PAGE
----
BROOKS: I would say there are two levels of scandal here. One is, is there an explicit quid pro quo, as we saw with Governor McDonnell in Virginia there. It was pretty explicit. He was helping a businessman. He was giving him money. The second - I doubt we'll see that and I really would be shocked if the Clintons were that crude. But nonetheless, there is a culture of oligarchy, if you want to put it that way, where you're hanging around a lot of rich people who are giving you a lot of money and they never connect the dots. And sometimes they're giving you money partially for good reasons, partly for selfish reasons, and you're just in the mix. And the Clintons were in the mix with a lot of people and not - some of those people were not particularly nice people. And so they were in the mix. If I were a Democrat, I would just be saying, you know, we need a plan here. I think that's a big lesson from this week. She may be great, she may be nominated, she may be a great president. But if I were Democrats, I'd be asking some hard question about the monopoly status she has now.
DIONNE: Well, first of all, I think David just made an excellent case for campaign finance reform when he's talking about people being in the company of very rich people. And you look at the role of the mega donors in this campaign, which is unprecedented that the primary for their support, as it were. And yes, I think there are some questions about all the money that went into the Clinton Foundation. But again, people have to be careful in saying she did X when she didn't do X. And so again, all these stories should be read almost through to the footnotes.
BLOCK: And they're complicated stories to read all the way through. We did hear Mitt Romney responding to this today, saying at best he considers this an ethical morass. At worst, it looks like bribery. Does that sound much like the tone you would expect to hear for the rest of the presidential campaign, David Brooks?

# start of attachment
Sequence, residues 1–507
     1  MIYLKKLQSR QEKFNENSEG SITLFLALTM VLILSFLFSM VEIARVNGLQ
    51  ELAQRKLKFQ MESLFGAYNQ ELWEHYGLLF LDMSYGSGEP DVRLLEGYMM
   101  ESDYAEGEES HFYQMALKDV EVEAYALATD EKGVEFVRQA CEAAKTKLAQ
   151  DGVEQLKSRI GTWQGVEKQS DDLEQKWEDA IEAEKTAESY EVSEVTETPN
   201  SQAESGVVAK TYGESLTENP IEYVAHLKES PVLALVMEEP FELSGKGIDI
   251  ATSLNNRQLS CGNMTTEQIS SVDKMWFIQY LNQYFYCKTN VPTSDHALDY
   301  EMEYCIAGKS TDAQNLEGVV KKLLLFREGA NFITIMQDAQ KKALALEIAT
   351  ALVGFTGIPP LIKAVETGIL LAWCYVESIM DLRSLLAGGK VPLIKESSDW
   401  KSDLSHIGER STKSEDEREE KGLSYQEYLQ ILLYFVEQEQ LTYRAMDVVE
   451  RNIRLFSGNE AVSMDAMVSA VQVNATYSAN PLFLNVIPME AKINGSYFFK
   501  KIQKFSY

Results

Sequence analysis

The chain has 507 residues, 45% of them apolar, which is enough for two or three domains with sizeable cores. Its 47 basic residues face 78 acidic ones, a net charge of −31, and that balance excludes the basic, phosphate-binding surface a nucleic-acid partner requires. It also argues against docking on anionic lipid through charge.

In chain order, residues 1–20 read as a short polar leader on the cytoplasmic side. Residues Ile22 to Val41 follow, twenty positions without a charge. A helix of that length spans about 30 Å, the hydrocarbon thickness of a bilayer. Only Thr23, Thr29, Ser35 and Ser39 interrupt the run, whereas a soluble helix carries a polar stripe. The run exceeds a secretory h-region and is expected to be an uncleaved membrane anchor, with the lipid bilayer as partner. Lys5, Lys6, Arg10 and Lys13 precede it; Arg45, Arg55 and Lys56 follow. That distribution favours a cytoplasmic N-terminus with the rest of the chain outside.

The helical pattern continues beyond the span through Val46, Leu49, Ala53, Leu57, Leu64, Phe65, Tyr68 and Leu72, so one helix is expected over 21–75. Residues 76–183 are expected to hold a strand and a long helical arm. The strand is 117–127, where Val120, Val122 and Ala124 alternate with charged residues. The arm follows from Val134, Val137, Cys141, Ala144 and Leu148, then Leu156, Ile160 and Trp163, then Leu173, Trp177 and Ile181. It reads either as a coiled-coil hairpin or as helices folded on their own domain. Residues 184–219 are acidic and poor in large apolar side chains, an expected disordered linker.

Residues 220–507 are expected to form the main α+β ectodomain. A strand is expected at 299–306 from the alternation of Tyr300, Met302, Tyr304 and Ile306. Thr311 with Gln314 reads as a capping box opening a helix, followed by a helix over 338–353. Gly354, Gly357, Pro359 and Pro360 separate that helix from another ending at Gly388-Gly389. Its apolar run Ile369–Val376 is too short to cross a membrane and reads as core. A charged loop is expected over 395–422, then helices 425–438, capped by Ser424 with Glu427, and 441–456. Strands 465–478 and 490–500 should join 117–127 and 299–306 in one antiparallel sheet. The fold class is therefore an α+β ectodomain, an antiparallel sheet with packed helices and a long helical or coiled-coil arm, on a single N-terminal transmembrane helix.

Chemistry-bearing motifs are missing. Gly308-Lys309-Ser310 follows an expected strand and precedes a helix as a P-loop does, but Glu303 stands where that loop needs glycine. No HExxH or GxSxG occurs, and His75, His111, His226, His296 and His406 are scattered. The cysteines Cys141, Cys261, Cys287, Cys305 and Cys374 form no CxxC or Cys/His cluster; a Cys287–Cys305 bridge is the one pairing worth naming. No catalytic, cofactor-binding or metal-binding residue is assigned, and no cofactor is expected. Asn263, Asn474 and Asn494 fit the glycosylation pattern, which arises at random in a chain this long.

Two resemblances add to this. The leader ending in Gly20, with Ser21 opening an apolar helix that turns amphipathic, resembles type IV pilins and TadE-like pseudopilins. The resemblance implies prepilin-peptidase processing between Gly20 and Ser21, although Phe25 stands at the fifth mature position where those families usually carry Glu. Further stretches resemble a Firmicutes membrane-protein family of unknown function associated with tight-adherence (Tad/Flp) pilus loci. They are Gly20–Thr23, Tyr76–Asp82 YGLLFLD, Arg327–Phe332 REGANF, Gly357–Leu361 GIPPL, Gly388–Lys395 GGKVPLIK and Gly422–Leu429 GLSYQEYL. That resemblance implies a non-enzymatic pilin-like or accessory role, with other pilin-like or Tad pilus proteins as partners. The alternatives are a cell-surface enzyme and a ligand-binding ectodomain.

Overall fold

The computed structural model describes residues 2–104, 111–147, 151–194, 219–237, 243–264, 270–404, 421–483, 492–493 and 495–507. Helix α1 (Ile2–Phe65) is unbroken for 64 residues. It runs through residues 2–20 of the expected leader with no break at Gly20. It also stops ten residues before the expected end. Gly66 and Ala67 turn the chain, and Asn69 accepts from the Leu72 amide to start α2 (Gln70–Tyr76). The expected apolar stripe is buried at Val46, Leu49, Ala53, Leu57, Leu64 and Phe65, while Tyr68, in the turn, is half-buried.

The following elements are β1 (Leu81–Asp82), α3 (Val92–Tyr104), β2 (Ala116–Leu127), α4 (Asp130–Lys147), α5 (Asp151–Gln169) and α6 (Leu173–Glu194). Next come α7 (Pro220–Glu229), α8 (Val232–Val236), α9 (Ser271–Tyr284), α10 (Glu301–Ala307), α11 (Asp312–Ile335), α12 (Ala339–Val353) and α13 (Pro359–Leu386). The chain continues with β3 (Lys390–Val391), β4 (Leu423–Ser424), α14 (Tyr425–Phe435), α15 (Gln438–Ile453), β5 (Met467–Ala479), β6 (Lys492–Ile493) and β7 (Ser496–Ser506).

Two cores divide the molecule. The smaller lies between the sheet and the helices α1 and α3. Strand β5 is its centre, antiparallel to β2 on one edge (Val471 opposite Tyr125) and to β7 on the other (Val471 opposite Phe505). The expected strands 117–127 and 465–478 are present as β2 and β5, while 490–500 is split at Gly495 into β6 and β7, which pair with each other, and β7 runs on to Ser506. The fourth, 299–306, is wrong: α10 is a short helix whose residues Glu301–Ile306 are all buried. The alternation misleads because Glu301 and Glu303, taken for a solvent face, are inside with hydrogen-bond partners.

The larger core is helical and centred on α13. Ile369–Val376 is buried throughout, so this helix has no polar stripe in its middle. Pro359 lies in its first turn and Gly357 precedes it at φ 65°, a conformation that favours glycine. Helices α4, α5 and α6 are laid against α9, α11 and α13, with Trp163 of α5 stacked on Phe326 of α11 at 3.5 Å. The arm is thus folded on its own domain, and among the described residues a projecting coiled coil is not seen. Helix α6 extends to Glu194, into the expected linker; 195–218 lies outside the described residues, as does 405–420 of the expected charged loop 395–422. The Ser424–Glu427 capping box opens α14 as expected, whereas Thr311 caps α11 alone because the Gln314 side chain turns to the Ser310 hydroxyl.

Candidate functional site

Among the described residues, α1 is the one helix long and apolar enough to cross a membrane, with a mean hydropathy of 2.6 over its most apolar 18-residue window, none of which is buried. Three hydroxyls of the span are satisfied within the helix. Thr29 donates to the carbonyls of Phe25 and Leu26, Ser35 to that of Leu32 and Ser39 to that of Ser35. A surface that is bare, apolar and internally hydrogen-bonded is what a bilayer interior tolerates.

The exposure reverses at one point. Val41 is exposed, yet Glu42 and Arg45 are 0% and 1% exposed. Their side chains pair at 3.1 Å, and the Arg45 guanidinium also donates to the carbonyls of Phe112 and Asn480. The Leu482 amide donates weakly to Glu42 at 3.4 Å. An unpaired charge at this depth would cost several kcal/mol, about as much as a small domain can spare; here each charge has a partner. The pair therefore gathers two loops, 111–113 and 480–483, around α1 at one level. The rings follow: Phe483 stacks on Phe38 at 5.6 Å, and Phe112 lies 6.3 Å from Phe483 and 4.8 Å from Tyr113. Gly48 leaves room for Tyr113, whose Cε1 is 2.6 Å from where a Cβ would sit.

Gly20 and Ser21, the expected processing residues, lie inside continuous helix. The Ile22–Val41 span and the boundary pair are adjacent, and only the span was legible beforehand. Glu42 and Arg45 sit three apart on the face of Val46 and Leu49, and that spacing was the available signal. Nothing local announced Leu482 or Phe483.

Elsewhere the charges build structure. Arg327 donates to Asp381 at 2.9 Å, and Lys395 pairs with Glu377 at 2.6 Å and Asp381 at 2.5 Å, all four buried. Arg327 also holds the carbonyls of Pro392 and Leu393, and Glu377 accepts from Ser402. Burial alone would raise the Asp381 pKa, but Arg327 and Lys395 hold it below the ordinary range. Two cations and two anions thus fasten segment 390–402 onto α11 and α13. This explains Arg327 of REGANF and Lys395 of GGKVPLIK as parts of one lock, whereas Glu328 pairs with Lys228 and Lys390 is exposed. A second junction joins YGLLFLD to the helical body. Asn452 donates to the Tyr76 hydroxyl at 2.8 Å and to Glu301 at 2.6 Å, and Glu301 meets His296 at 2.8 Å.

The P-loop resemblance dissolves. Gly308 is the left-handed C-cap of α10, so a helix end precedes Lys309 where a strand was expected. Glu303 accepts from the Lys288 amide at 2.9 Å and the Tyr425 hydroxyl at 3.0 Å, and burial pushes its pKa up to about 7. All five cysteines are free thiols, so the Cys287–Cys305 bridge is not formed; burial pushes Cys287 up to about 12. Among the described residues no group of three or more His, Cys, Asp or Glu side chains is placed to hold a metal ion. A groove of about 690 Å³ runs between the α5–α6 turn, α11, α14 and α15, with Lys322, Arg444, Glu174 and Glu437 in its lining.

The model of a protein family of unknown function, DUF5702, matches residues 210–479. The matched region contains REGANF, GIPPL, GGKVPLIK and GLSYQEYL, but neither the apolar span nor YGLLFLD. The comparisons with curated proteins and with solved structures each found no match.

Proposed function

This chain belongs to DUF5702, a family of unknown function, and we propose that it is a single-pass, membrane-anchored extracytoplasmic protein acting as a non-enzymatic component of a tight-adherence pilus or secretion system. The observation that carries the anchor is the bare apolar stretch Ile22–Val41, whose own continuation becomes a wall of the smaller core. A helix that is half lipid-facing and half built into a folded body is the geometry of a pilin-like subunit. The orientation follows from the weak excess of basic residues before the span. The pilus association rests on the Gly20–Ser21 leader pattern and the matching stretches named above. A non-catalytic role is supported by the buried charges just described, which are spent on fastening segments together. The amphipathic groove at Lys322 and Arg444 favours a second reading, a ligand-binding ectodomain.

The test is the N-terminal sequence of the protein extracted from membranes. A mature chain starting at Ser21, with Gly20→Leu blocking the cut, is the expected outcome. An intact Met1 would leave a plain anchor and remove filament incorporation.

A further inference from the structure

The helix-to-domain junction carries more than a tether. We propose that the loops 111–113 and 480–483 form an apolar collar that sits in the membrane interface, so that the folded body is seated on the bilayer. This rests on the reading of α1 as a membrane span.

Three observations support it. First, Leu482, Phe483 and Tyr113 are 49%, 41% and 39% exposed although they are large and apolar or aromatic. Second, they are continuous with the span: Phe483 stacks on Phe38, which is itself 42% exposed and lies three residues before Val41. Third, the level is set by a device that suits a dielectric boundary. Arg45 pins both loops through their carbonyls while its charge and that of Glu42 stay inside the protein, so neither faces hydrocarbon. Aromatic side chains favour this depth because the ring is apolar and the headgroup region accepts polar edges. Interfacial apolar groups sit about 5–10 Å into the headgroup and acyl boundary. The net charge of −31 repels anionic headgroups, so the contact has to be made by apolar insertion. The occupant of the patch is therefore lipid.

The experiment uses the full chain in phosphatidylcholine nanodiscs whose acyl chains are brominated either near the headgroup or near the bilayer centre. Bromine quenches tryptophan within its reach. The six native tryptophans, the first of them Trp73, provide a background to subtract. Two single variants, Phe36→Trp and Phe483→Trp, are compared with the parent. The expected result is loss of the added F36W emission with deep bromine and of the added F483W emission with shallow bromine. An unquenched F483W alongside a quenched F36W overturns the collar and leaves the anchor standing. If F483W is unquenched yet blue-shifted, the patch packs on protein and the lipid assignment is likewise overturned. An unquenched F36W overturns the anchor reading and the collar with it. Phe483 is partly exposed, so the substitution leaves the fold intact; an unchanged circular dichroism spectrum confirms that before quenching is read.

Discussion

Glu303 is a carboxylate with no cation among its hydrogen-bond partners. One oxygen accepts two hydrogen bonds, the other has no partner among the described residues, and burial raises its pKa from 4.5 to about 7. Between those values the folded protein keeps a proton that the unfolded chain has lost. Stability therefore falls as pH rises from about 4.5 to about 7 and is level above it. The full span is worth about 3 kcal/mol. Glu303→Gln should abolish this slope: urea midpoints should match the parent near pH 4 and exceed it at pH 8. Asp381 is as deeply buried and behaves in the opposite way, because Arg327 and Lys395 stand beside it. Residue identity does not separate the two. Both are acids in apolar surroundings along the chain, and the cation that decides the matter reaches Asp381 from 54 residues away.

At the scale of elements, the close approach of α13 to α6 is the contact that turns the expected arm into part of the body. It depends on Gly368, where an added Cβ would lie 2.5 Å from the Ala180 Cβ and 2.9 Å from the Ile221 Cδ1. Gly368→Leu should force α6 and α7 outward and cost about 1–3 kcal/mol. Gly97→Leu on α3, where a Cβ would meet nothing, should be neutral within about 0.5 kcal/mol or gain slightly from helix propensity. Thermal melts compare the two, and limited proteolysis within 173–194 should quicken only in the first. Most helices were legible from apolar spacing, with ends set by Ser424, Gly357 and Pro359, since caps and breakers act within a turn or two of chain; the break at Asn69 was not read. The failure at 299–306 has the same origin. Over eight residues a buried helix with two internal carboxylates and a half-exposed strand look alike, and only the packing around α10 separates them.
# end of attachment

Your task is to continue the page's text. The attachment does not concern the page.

BROOKS: Yeah. I guess so. I don't think it's bribery. I do think it's the way the network works these days, that you do a favor, you don't ask for a return favor right away. But then you're just - you know, you've planted the seed of goodwill. Money is supposed to buy attention, buys goodwill. And that's - I think that's the case here. But still, accepting the money when she's sitting on board of this company and not reporting it, that's by itself - that's questionable.
DIONNE: On the board of this company - anyway, I don't - I'll leave it at that.
BROOKS: She's on the merger board, not on - she's on this government board.
DIONNE: But she apparently played no role in the decision. The State Department is connected to this board. Anyway, we could go on like this. Let's...
BROOKS: It wouldn't pass muster at either of our newspapers.
DIONNE: Let's talk about the fact that Loretta Lynch got confirmed...
BLOCK: And will be sworn in on Monday. And that - we'll save that as a topic for our future conversation. E J Dionne of The Washington Post and David Brooks of The New York Times, also author of the new book, "The Road To Character."
Thanks to you both.
DIONNE: Thank you.
BROOKS: Thank you.